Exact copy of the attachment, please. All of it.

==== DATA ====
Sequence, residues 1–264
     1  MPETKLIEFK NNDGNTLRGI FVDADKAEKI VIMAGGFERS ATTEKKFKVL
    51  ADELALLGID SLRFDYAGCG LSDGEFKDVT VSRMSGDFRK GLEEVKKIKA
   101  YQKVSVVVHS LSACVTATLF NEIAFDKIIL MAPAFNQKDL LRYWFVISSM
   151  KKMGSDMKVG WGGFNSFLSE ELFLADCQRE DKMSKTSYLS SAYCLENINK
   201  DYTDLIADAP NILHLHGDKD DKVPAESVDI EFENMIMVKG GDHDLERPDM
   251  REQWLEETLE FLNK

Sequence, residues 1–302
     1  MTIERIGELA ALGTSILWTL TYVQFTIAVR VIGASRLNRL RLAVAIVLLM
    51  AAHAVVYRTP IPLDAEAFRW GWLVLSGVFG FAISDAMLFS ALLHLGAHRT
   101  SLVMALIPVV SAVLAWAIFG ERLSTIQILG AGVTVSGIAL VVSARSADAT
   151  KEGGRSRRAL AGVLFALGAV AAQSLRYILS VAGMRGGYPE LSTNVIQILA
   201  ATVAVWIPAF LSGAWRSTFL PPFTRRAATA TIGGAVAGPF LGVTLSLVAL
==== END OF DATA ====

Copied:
Sequence, residues 1–264
     1  MPETKLIEFK NNDGNTLRGI FVDADKAEKI VIMAGGFERS ATTEKKFKVL
    51  ADELALLGID SLRFDYAGCG LSDGEFKDVT VSRMSGDFRK GLEEVKKIKA
   101  YQKVSVVVHS LSACVTATLF NEIAFDKIIL MAPAFNQKDL LRYWFVISSM
   151  KKMGSDMKVG WGGFNSFLSE ELFLADCQRE DKMSKTSYLS SAYCLENINK
   201  DYTDLIADAP NILHLHGDKD DKVPAESVDI EFENMIMVKG GDHDLERPDM
   251  REQWLEETLE FLNK

Sequence, residues 1–302
     1  MTIERIGELA ALGTSILWTL TYVQFTIAVR VIGASRLNRL RLAVAIVLLM
    51  AAHAVVYRTP IPLDAEAFRW GWLVLSGVFG FAISDAMLFS ALLHLGAHRT
   101  SLVMALIPVV SAVLAWAIFG ERLSTIQILG AGVTVSGIAL VVSARSADAT
   151  KEGGRSRRAL AGVLFALGAV AAQSLRYILS VAGMRGGYPE LSTNVIQILA
   201  ATVAVWIPAF LSGAWRSTFL PPFTRRAATA TIGGAVAGPF LGVTLSLVAL